In addition, both Sanders and Clinton have expressed their support for a constitutional amendment that would overturn decisions like Citizens United, as has Sen. Lindsey Graham.  These two solutions, public financing of elections and an amendment to get big money out of politics, are both highlighted as measures needed to fix the broken campaign finance system in “Fighting Big Money, Empowering People: A 21st Century Democracy Reform Agenda,” released by PFAW and other campaign finance reform proponents.  As the agenda makes clear, for lasting change we have to move beyond “individual statements or even individual solutions” toward a comprehensive set of policy solutions.

Three out of four Americans are in support of a constitutional amendment, and over 5 million people have signed a petition in favor of it. Many other political leaders at the state and local level from both major parties want to put an end to the post-Citizens United big donor arms race.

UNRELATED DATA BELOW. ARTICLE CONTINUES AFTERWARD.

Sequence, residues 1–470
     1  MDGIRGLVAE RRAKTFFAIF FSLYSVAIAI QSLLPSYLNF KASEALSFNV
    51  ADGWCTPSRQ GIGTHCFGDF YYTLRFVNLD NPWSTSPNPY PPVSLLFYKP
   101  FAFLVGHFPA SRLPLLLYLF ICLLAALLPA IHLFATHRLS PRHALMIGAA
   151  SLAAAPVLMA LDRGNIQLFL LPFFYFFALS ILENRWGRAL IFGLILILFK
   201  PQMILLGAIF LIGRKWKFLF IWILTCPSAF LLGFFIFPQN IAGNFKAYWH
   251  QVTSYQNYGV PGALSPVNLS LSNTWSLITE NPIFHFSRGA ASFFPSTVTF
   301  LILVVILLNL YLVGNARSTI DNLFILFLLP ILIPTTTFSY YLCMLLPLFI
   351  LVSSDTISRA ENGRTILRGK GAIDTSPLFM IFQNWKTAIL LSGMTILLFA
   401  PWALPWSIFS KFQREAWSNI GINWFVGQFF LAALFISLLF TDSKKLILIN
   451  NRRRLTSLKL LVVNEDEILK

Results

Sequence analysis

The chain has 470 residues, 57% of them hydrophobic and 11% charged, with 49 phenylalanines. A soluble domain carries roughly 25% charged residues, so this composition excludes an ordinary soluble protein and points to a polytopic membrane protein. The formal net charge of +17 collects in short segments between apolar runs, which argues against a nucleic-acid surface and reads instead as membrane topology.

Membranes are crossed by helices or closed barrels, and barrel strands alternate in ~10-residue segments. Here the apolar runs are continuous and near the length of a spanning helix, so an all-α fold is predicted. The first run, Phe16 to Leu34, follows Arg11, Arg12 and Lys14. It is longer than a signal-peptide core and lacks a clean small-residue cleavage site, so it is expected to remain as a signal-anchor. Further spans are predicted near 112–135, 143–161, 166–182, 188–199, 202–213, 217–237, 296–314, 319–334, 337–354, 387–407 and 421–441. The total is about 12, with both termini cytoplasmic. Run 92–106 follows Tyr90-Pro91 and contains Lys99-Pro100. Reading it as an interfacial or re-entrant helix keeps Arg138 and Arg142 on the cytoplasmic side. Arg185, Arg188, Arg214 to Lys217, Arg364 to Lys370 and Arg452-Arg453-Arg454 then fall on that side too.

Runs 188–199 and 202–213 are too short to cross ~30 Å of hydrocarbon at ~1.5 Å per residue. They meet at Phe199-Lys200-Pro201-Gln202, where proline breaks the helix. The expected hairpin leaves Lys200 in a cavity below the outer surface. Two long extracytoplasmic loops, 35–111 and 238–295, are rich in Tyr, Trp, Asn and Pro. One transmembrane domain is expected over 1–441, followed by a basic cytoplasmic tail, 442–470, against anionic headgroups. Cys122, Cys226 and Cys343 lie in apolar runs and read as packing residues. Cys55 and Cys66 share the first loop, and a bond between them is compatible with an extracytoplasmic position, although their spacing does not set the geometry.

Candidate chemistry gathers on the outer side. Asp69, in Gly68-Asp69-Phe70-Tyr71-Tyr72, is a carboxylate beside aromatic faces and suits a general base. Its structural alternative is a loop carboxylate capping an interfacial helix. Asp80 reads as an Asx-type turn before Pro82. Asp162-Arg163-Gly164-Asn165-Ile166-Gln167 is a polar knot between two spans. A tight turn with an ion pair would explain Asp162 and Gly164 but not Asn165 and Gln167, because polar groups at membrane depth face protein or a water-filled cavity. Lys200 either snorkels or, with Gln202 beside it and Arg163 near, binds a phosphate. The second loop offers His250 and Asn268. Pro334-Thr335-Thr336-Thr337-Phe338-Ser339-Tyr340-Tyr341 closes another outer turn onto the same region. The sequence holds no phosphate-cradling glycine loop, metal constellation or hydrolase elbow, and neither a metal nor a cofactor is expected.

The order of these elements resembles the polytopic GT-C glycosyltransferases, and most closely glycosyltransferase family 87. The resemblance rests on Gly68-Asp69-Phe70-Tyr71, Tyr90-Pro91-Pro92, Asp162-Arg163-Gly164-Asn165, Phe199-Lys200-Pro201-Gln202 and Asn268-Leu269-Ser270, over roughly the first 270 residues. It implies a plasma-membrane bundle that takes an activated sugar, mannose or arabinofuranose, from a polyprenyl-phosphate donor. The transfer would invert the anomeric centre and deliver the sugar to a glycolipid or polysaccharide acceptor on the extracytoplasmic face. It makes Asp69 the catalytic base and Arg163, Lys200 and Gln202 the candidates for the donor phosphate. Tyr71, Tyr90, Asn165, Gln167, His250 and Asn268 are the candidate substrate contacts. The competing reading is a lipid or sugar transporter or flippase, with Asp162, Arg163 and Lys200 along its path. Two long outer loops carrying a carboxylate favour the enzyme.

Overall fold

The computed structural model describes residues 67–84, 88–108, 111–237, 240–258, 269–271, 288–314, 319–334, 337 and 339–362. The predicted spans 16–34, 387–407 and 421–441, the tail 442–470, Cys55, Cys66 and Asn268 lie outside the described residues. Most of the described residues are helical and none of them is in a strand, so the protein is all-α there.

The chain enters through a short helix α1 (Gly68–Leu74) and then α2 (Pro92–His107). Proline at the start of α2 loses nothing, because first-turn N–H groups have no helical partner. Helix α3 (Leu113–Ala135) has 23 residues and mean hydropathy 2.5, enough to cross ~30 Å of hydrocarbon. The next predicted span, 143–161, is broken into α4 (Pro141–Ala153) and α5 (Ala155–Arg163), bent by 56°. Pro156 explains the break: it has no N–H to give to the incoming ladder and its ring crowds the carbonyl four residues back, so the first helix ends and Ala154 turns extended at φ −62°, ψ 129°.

As Sen. Sanders has pointed out:

The need for real campaign finance reform is not a progressive issue. It is not a conservative issue. It is an American issue.

PFAW

Scott Walker's Environmental Woes

At a recent campaign stop, Scott Walker was greeted by two young people who were very excited to see him – just not in the sense he would have hoped. Two activists from 350 Action tricked Governor Walker into holding up a fake check displaying his reliance on the Koch brothers.

When interviewed by reporters, one of the activists, Elaine Colligan, explained that her inspiration stemmed from Walker’s lack of climate change prevention policies. “Scott Walker is the worst on climate change,” she said, comparing him to the other 2016 presidential candidates. Colligan’s complaints are not unfounded, since being elected as governor of Wisconsin, Walker has demonstrated his preference for the fossil fuel industry over efforts to prevent climate change.